On Monday evening, I got home from work and wrote a short piece about my disgust at the fact the Labor party was coupling fairly significant changes to the nature of redistribution in the Australian tax code to their attempt to price carbon. I thought I was pretty clear: while I absolutely believe in progressive taxation, in pricing for negative externalities and specifically in the need to put a price on carbon, I was mystified and enraged by the government’s decision to compensate some household by more than 400% of the anticipated costs.
And then I stood back and watched the hoards go mad with ad hominem attacks and, strangely enough, conspiracy theories.
Usually, when I talk about policy, I prefer to analyse information and make judgements, rather than focusing on personal narrative (I’ll occasionally frame things in a personal way, but generally try to stick to facts for the core of a piece), but given my own story is apparently an important part of this, it’s worth recounting briefly.
First, it’s rather important to know that it was Jonathan Green, editor of The Drum, who asked me to write the piece, based on a tweet. He sent me a direct message on Twitter and asked for it, and I wrote it that evening.
There was no conspiracy. There was no pay. I have absolutely voted for the Labor Party and Liberal Party in the past (and recently), as well as, at times, the Greens, the Democrats and some independent candidates. I am someone who taking voting very, very seriously, and I agonize over my preferences. I number below the line. I write letters asking candidates to further explain their position on certain issues.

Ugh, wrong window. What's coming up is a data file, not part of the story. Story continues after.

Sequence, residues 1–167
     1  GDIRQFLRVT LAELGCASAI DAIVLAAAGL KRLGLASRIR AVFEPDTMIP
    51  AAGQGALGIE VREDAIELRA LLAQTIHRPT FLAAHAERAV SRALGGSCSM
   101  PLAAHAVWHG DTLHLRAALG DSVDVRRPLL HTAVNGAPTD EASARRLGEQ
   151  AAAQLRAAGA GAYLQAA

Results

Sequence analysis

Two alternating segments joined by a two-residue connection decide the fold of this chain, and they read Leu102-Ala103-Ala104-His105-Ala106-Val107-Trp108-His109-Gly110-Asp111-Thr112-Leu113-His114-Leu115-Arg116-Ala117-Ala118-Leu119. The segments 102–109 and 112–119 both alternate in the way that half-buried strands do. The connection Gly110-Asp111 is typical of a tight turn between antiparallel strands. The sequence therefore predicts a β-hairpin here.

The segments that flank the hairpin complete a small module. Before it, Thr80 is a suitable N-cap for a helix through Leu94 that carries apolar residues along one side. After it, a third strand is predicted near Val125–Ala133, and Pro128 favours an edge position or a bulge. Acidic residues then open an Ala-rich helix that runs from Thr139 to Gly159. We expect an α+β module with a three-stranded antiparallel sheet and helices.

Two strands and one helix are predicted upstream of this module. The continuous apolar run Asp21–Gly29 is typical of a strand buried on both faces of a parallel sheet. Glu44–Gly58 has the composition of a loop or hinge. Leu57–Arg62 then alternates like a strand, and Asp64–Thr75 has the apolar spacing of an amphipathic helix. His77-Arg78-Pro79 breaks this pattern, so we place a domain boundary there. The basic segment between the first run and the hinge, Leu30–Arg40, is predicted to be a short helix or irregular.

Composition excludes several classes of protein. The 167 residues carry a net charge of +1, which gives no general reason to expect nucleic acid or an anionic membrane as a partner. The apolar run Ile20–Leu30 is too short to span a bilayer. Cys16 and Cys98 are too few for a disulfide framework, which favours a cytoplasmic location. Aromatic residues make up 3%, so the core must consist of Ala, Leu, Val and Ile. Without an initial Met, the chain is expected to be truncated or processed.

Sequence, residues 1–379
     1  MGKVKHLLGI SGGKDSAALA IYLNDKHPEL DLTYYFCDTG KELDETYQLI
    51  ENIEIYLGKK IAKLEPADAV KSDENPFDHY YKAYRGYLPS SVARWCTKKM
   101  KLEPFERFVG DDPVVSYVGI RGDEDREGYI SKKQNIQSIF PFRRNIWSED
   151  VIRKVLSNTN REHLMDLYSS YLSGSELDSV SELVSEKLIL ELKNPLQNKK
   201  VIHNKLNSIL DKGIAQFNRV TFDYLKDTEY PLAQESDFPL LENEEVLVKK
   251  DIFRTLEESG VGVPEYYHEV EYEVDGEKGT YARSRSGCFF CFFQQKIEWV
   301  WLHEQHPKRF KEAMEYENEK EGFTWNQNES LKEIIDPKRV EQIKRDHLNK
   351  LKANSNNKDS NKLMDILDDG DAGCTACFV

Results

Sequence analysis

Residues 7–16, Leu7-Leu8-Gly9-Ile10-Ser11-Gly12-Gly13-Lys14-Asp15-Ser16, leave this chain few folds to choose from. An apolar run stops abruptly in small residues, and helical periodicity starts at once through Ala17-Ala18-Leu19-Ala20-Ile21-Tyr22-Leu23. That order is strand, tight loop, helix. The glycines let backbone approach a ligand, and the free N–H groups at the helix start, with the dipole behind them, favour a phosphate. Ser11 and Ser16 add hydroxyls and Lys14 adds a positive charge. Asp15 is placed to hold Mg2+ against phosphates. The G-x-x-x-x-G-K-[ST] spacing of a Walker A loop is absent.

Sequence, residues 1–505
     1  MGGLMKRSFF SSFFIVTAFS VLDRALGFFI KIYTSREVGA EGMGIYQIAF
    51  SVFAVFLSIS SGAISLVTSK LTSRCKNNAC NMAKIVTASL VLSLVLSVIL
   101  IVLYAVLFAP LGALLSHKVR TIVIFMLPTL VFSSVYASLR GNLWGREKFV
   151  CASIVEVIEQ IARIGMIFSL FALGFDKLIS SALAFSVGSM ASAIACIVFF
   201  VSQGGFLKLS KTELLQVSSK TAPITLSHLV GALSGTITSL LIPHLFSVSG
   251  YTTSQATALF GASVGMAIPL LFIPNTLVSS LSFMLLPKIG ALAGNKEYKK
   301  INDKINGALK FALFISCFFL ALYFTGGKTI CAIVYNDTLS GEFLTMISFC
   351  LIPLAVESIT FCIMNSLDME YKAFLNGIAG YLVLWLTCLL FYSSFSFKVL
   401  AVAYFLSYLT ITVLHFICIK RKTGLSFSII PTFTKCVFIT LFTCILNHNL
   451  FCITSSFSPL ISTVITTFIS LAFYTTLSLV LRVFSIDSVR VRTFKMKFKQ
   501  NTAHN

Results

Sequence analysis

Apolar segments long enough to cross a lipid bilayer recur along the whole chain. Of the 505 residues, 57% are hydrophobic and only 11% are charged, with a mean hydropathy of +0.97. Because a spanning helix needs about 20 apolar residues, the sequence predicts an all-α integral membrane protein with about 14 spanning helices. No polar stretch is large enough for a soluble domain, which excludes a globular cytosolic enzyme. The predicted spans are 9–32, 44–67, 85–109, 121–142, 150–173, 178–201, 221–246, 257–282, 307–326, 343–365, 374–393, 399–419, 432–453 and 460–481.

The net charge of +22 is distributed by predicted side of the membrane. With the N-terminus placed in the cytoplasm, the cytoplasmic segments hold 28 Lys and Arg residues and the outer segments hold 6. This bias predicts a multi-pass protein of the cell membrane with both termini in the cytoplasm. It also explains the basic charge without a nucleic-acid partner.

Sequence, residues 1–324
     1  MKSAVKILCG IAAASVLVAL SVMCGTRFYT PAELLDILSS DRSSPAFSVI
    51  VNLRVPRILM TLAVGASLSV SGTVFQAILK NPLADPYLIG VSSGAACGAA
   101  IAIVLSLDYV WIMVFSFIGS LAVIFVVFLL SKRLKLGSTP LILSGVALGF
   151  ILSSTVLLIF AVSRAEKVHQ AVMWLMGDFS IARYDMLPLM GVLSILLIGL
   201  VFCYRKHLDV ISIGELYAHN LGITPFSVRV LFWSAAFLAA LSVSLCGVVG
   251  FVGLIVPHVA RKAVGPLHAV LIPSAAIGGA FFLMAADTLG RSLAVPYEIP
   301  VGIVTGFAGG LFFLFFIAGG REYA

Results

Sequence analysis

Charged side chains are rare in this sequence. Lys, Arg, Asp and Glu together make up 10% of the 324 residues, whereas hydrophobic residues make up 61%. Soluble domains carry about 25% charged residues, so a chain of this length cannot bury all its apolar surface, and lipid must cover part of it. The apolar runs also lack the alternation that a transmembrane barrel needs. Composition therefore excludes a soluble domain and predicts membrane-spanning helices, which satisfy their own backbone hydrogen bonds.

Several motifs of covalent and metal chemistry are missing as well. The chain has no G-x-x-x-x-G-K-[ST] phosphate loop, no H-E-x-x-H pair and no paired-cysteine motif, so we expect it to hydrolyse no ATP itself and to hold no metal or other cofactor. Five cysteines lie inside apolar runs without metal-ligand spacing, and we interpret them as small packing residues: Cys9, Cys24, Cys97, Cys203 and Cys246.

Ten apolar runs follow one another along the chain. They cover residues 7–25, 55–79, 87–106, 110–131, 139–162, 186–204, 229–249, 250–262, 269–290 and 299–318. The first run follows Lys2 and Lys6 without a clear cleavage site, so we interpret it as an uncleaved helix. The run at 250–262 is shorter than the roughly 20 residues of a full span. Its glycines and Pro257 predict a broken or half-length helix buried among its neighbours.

At no point did I receive any kind of request or instruction or payment from anyone except the initial request from Jonathan. It was not part of some broad strategy. I was not on Sky News last night pretending to be Eliza. I was at home with a head cold watching the first season of Pretty Little Liars on DVD.
The second thing that warrants clarification is the fact some people have pointed to my profile on here as evidence that I was a Liberal party plant, specifically quoting the words “Classical liberal.” The small-l is important there. I thought this was pretty clear in my piece but, again, evidently not, since people kept saying if I don’t like redistribution, I clearly could NEVER have been a Labor supporter. Liberty is a priority for me, both economic and social. Sadly, there is not a party in Australian with true liberalism as the core of its policy priorities.
Economically, of course, this means I have more in common with the Liberal party. This does not in any way mean I think flat tax is the way to go: I understand the need for progressive taxation, but generally, I think we should seek to ensure the progressive nature of our tax does not undermine the incentive to work and the responsibility of all able citizens to contribute to the best of our ability. I do not believe markets are flawless, and I absolutely believe in market intervention when they are flawed. For this reason, I am a very vocal advocate of socialized medicine.